Single Event Effects evaluation can be conducted for applications both in space and here on Earth (e.g. self-driving cars). Given the importance of AI reliability for terrestrial applications, it is fundamental to measure the error rate of AI accelerators for the Earth's radioactive environment. To do this, facilities that deliver a terrestrial-like flux of neutrons, such as ChipIr, LANSCE, or TRIUMF are of essential importance. These facilities provide the ability to expose the AI accelerator devices to neutron flux that therefore closely mimics the real world, but up to a billion times more intense. Using them researchers can gather statistically significant data on the single event effects in a short time. ChipIr was designed specifically to ease the test of electronic devices. Thanks to the focused beam and the infrastructure available for the users, the test of complex computing systems is very effective and can help in drawing fundamental conclusions about the sensitivity of modern devices to terrestrial neutrons.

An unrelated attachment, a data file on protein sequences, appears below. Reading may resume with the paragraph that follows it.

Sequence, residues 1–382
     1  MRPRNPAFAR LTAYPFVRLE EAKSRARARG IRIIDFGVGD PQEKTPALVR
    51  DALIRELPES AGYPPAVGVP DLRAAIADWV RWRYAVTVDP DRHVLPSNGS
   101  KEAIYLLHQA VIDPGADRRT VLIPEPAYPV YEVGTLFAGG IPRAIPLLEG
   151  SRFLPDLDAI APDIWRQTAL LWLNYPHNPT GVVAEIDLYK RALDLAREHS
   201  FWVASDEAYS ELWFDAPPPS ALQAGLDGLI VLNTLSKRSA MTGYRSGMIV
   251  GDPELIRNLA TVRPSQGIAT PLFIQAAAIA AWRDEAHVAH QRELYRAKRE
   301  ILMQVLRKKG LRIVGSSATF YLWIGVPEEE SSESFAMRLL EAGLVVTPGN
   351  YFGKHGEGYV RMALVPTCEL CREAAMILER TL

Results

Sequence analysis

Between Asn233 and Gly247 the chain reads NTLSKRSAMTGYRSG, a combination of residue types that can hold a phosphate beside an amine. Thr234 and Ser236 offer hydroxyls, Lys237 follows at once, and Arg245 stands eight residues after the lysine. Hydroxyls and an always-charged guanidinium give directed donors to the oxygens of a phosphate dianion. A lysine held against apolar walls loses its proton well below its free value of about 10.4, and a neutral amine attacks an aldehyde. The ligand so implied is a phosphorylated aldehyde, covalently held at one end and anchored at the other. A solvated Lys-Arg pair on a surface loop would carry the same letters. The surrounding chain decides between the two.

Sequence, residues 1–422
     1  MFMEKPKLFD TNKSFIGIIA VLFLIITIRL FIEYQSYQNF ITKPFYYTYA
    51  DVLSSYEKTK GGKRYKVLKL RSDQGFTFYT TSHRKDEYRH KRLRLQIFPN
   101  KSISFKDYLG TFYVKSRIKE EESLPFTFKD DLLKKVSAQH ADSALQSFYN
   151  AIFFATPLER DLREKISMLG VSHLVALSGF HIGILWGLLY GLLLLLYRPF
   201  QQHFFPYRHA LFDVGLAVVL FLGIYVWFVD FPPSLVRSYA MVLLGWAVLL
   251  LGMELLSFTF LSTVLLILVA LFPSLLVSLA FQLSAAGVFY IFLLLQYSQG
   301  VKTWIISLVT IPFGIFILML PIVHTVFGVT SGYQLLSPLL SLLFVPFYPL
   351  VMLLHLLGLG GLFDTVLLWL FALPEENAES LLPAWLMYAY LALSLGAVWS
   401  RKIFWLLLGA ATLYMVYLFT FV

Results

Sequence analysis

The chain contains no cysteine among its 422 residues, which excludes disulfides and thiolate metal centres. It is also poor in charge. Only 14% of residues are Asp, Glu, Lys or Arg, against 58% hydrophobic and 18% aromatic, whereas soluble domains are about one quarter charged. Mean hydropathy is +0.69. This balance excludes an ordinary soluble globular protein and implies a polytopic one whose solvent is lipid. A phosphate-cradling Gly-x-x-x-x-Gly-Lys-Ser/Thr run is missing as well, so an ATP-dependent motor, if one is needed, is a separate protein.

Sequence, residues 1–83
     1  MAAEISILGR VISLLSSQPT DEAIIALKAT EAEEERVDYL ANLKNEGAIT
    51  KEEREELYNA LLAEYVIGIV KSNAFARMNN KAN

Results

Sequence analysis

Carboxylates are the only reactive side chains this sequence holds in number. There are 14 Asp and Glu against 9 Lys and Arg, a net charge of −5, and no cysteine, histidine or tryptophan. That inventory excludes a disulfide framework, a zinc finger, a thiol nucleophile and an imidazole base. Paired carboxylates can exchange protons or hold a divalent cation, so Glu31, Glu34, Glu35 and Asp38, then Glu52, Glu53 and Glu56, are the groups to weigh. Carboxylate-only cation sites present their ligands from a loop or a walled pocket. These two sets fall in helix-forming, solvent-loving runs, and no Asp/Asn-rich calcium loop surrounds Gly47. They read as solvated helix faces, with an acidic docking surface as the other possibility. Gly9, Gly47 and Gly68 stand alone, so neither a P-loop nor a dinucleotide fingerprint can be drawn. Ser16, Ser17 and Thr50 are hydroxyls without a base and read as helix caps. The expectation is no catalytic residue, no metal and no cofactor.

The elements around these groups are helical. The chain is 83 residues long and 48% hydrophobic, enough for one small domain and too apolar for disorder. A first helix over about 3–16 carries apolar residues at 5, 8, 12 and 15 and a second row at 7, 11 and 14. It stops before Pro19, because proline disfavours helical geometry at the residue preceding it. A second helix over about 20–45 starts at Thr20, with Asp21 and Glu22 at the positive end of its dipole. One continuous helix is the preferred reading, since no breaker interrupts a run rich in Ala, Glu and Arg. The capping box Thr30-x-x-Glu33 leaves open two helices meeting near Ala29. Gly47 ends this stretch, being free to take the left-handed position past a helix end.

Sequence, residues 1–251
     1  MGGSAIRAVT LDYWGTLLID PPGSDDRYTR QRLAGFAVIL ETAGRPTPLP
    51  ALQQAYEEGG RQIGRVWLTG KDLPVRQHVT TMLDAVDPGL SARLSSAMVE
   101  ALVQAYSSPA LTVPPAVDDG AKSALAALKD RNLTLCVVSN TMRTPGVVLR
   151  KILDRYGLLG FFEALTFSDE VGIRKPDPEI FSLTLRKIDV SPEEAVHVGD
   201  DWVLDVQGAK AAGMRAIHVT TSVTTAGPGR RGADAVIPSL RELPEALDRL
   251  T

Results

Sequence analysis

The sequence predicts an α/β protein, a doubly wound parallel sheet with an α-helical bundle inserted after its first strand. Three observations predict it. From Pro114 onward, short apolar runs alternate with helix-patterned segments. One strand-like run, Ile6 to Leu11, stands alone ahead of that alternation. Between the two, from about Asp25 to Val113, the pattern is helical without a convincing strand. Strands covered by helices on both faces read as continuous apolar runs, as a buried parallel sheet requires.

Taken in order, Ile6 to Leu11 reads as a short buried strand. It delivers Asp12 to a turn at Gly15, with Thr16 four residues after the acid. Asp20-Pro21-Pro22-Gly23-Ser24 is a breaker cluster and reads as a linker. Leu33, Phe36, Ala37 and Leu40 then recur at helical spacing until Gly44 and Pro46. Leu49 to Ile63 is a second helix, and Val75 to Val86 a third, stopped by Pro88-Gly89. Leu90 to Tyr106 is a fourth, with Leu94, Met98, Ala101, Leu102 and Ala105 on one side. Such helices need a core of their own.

Due to the intrinsic probabilistic nature of neural networks, it is very hard (if not impossible) to estimate the accuracy of a machine learning model. Nonetheless, with careful software design and hardware characterisation, it is possible to mitigate the effect of faults and significantly reduce the probability that neutron-induced misclassifications or misdetections will happen.

To implement an efficient and effective hardening solution, it is necessary to study how both the model and the hardware respond to radiation. By identifying the faults that are more likely to cause misdetections or misclassifications, it is possible to design specific solutions to reduce the chance of an error, improving the safety of these systems. 

“The way we program and execute codes is ever-changing", explains Paolo. “On one hand the paradigm of algorithm itself is shifting to neural network-based computation and, on the other hand, the computing architecture complexity is exploding to deliver sufficient performance. In this scenario the probability of hardware faults increases, the propagation of such faults can spread the effect to multiple operations, and the effect on the final output is highly unpredictable. An experimentally based reliability study becomes then essential to ensure a realistic understanding of the phenomena, so to design hardening solutions that are effective once implemented in the field."

Read the paper in full here: Artificial Neural Networks for Space and Safety-Critical Applications: Reliability Issues and Potential Solutions | IEEE Journals & Magazine | IEEE Xplore DOI 10.1109/TNS.2024.3349956​​​

Contact: Oliver, Alison (STFC,RAL,ISIS)